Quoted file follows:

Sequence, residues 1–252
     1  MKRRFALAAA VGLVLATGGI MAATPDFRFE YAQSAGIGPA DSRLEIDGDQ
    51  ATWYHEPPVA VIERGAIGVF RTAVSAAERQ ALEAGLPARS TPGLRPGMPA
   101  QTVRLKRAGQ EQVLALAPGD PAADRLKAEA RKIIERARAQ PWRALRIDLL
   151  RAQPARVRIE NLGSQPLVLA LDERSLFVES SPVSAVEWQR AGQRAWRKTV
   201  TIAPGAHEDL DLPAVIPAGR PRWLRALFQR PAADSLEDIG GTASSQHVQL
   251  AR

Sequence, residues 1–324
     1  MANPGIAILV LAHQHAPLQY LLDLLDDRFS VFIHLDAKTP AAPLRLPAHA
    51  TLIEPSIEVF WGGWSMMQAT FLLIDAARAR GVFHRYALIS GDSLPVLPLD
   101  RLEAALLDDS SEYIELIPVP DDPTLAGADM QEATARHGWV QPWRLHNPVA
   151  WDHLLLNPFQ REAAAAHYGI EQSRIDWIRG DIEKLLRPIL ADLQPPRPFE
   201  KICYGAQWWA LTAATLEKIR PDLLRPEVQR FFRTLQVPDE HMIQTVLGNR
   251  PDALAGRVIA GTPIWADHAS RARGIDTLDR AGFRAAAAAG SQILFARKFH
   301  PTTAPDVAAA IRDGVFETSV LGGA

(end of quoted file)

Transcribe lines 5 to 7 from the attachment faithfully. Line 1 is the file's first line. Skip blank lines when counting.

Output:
   151  RAQPARVRIE NLGSQPLVLA LDERSLFVES SPVSAVEWQR AGQRAWRKTV
   201  TIAPGAHEDL DLPAVIPAGR PRWLRALFQR PAADSLEDIG GTASSQHVQL
   251  AR